B.  All building occupants/users must be provided with alternative, intuitive and obvious evacuation routes away from a fire outbreak in a building. A significant number of building users will never pass through the smoke generated by fire.

C.  All fire evacuation routes in a building must be accessible for building occupants/users, and be sufficiently wide to accommodate contraflow, i.e. building users evacuating while firefighters enter the building at the same time. Under no circumstances must ‘stay put’ policies be normalized, or practiced.

D.  Phased horizontal evacuation must be facilitated, in design, by providing ‘buffer zones’ around fire compartments, and adjacent ‘places of relative safety’.

E.  All lifts/elevators in a building must be capable of being used during a fire emergency. This is already the case, in most countries, with firefighter lifts.

F.  Fire protected evacuation staircases must be sufficiently wide (1.5m between leading handrail edges) to facilitate contraflow and the assisted evacuation of manual wheelchair users; they must open into fire protected lift/elevator lobbies at every floor/storey level, and open directly to the exterior at ground level.

Black and white photograph showing the correct and best assisted evacuation technique for carrying a person in a manual wheelchair down a fire protected staircase, with handrails on both sides … 1 person behind the wheelchair and 2 other people at each side.  This illustration is from the Orientation Manual for First Responders on the Evacuation of People with Disabilities.  Federal Emergency Management Agency (USA).  Document Reference FA-235.  August 2002.  Click to enlarge.

Colour photograph showing the ‘contraflow’ circulation which must be facilitated during a fire emergency … as building occupants/users evacuate away from the fire towards a place of safety located a remote distance from the building … while heavily equipped firefighters are able to enter the building, unhindered, at the same time.  This ensures that firefighters can quickly locate people waiting in areas of rescue assistance and lift/elevator lobbies.  Click to enlarge.

G.  Sufficiently large, fire protected ‘areas of rescue assistance’, where people can safely wait during a fire emergency, must adjoin each evacuation staircase on every floor/storey above ground level. When calculating space provision for evacuation and waiting areas in buildings, the minimum reasonable provision for people with disabilities must be 10% of the design building occupant/user population; for people with activity limitations, minimum space provision must rise to 15% of the design occupant/user population.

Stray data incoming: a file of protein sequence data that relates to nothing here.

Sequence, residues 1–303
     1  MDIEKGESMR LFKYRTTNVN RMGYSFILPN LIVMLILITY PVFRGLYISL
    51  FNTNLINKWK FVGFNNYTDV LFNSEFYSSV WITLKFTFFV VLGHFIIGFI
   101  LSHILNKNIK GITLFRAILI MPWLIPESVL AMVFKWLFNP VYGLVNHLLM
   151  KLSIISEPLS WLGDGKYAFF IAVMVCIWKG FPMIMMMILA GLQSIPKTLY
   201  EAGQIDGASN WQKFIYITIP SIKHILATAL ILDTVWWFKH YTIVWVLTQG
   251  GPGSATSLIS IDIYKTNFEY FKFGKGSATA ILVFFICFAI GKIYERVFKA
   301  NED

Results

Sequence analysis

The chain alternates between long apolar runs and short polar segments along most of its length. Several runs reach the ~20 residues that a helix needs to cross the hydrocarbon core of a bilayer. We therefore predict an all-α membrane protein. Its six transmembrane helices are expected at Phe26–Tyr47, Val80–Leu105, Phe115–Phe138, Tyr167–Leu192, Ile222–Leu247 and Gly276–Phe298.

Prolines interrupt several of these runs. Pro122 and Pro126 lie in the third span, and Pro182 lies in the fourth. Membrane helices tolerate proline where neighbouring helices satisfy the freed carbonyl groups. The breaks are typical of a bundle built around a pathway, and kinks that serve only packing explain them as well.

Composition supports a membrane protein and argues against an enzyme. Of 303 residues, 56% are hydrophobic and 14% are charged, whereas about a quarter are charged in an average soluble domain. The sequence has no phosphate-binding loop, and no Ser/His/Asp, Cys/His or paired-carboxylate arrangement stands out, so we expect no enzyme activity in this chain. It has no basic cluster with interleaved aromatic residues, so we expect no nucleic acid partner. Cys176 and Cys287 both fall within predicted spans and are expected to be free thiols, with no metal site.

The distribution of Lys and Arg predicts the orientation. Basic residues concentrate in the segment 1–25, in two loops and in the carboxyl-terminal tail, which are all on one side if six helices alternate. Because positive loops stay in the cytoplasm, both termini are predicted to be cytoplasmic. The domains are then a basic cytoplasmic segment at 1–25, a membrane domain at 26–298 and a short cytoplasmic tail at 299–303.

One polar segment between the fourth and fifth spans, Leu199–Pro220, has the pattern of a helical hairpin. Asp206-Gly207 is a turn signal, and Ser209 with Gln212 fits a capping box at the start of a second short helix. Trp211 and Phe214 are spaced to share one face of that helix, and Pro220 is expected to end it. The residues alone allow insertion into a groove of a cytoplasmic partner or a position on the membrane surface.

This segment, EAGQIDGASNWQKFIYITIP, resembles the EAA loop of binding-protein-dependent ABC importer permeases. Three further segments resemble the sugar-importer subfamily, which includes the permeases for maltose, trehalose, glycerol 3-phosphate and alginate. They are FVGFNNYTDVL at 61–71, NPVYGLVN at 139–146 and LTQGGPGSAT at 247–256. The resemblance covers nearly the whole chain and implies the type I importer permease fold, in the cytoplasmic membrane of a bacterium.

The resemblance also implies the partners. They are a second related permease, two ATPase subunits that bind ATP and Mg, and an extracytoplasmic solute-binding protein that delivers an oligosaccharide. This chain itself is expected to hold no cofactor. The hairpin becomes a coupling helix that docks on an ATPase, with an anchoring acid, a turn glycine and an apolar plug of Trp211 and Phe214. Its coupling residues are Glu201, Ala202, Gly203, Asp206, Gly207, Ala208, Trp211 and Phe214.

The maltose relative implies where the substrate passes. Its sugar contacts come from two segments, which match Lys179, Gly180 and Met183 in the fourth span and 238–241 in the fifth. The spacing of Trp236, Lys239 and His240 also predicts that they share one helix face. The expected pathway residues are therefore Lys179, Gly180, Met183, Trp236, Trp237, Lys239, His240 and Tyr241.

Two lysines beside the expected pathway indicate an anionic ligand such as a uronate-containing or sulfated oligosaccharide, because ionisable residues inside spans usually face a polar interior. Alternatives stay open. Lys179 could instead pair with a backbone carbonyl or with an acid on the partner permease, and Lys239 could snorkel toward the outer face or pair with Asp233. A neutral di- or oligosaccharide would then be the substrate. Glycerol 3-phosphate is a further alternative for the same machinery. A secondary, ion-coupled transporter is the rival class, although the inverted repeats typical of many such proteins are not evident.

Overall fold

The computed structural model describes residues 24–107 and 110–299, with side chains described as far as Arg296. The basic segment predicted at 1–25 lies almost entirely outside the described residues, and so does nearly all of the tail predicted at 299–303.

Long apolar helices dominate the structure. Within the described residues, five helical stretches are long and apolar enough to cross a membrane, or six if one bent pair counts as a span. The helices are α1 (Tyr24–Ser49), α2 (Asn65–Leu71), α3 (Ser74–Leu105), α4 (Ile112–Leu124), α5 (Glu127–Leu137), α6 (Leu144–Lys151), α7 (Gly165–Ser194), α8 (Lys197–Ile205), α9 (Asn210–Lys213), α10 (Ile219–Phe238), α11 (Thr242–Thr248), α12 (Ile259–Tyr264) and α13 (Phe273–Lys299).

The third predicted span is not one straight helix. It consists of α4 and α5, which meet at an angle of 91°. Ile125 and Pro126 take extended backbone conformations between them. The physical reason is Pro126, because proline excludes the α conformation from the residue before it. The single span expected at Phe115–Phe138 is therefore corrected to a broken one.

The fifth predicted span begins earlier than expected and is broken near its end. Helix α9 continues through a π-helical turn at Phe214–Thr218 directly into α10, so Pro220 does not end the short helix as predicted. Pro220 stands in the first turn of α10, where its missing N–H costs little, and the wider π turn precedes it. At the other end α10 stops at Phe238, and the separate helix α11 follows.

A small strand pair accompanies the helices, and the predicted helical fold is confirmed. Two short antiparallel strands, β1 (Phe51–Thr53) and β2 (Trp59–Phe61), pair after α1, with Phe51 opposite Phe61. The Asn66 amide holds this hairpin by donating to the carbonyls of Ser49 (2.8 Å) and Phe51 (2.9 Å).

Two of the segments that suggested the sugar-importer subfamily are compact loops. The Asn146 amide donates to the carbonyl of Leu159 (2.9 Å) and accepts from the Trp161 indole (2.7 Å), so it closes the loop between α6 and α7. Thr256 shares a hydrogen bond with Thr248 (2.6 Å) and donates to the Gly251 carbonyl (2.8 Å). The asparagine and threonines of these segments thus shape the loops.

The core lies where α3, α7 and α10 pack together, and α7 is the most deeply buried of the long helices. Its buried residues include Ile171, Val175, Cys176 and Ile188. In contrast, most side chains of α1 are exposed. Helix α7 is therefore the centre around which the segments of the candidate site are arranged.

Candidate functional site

Colour illustration of a sufficiently wide fire evacuation staircase, which will accommodate contraflow and the assisted evacuation of people in wheelchairs … with a sufficiently large, directly adjoining ‘area of rescue assistance’ … which will accommodate people unable to independently evacuate during a fire emergency.  The space provided in an area of rescue assistance, on each floor/storey, is calculated in relation to the design occupant/user population of a building.  Even if a building is fully sprinklered, an area of rescue assistance must adjoin every fire evacuation staircase.  Click to enlarge.  Staircase design by CJ Walsh.

Image of text showing the definition for ‘people with activity limitations’, with its equivalent French translation … also showing from where this term is derived … and who this term includes.  During a fire emergency, confused and/or confusing disability-related language costs lives !  Click to enlarge.

H.  Such is the universal level of fire compartment unreliability, that lift/elevator lobbies and ‘areas of rescue assistance’ must be fitted with an active fire suppression system, i.e. water mist … an environmentally clean suppression medium which is person-friendly, and will not greatly interfere with visibility.

I.  In tall, super-tall and mega-tall buildings, every 20th floor/storey must be an accessible ‘floor of temporary refuge’ … and the roofs of those buildings must be capable of being used for aerial evacuation.

J.  In health care facilities, e.g. hospitals, the fire safety strategy must always be to ‘protect in place’. Patient evacuation is highly hazardous, and unacceptable.

K.  Fire defence plans* must demonstrate a proper consideration for the fire safety, protection and evacuation of all building users/occupants, with a particular and integrated focus on people with activity limitations.

[ *Fire Defence Plan:  A pre-determined and co-ordinated use of available human and material means in order to maintain an adequate level of fire safety and protection within a building and, in the event of an outbreak of fire, to ensure that it is brought speedily under control and extinguished … with the aim of minimizing any adverse or harmful environmental impacts caused by the fire.

Commentary 1:  A Fire Defence Plan is developed for a specific building at design stage.  It later becomes the basis for an occupied building’s Fire Emergency Management Plan.

Commentary 2:  A Fire Defence Plan is usually in electronic format and/or hard copy and comprises fire engineering drawings, descriptive text, fire safety related product/system information, with supporting calculations, and the fire test/approval data to demonstrate ‘fitness for intended use’.]

Colour illustration showing the ‘Fire Safety for All’ Matrix, which outlines the scope of its application in the Human Environment and the different social groups to be targeted.  Balanced consideration must be given to people who use wheelchairs (physical function impairment) … and to people with visual, hearing, psychological, and mental/cognitive impairments … and to other vulnerable building users, e.g. people with health conditions.  Click to enlarge.  Matrix developed by CJ Walsh.